The discussion about whether a waterline to the mainland could be more effective is in a decades-long cycle. The most current consensus is that anything imminent, meaning in the next 10 years, is not currently feasible or reasonable with village budget constraints. But the current government should not dismiss or disregard the discussion. Until funds are available to be fully invested to explore outstanding questions, we won’t know for sure. In the meantime, with an amazing current staff and contractors, we’ve invested in a $2-million project to ensure that our island water supply is one of the best in the State of Ohio for the coming years.
Most important is the stabilization of the police department by investing in long-term housing for officers. While we’ve taken steps in the past two years to invest in additional property downtown to provide long-term housing in the form of small apartments for year-round officers, it’s a start, but it’s not enough. If we want consistency in policing — in investment by officers into the well-being of the community, and in any kind of longevity of officers beyond their initial years in gaining police experience in Put-in-Bay — we have to do better. Budgeting for further investment, by moving all police housing to the Erie Street property and building larger housing units for officers to have families, is essential to our future.
As a volunteer EMT for the township, I’ve seen firsthand the comfort that comes at an emergency scene when residents are familiar with the first-responders who come into their homes or into their lives at some of the most traumatic moments possible. Retaining officers year-to-year is so important to developing trust between our residents and the police department.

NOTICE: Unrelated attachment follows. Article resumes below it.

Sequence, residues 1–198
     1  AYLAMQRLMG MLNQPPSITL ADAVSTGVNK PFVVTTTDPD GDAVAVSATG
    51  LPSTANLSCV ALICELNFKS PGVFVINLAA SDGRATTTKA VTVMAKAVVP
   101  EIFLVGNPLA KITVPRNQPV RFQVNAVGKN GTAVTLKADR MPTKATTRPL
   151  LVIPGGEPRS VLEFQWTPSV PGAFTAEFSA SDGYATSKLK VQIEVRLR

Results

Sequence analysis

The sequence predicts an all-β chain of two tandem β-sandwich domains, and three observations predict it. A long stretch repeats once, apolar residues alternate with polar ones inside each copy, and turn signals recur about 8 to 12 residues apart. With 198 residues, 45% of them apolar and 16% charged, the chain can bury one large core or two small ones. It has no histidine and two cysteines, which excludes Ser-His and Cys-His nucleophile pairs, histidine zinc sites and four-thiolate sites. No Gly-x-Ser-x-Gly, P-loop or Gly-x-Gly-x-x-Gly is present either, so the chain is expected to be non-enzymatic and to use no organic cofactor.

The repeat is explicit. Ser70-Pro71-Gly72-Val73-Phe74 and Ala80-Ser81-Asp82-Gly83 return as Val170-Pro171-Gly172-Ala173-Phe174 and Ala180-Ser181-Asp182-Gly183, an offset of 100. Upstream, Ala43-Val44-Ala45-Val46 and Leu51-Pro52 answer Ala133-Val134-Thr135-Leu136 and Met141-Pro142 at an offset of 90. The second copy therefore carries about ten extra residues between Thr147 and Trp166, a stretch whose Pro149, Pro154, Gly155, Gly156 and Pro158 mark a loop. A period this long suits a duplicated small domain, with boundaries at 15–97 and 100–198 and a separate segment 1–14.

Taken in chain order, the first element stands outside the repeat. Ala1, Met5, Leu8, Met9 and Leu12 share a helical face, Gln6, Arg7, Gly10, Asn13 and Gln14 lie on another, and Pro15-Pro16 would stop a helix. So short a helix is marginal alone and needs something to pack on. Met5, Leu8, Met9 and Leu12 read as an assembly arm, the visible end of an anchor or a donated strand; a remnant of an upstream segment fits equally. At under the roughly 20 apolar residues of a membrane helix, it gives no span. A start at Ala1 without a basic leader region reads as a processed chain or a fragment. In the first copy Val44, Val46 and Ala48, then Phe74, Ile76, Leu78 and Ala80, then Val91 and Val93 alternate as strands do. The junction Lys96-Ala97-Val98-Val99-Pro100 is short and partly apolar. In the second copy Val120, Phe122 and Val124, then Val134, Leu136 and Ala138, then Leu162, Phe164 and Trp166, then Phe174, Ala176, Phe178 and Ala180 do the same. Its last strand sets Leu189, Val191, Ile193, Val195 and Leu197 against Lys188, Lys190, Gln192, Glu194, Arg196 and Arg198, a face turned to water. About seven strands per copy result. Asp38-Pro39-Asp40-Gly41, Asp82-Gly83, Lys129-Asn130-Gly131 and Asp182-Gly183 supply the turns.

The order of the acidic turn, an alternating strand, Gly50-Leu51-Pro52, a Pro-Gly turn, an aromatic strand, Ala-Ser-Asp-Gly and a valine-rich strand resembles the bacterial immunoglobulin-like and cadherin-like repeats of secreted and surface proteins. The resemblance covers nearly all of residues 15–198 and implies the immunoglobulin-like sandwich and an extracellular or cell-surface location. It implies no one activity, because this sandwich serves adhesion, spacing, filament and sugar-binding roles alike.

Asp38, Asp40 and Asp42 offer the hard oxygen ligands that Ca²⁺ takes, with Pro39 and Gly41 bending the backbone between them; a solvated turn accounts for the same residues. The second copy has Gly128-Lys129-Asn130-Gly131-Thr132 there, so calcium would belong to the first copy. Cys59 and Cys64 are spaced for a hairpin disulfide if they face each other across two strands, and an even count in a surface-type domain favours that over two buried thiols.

Finally, I will continue building accountability and transparency in all our village workings and departments. Government, at all levels, works for the people – for the taxpayer. All records are theirs. Each decision is made on behalf of what the people say. As mayor, I will continue to pass on that attitude to village employees and ask officials to follow my lead to work together. Differences in opinion will always be welcome and expected. Being able to work through them to deliver what’s best for the community is where our strengths lie.
I ask for your vote, for support from the whole community, to take a few more steps toward organizing our government to be what we need, hope it can be, expect it to be. I’ve come as far as I have by working with members of council and by working with members of our administration. Setting employees up for success with a reliable support system and doing it all with fiscal responsibility and transparency is fundamental.
I ask for continued support to see this mission through for at least one full term as mayor.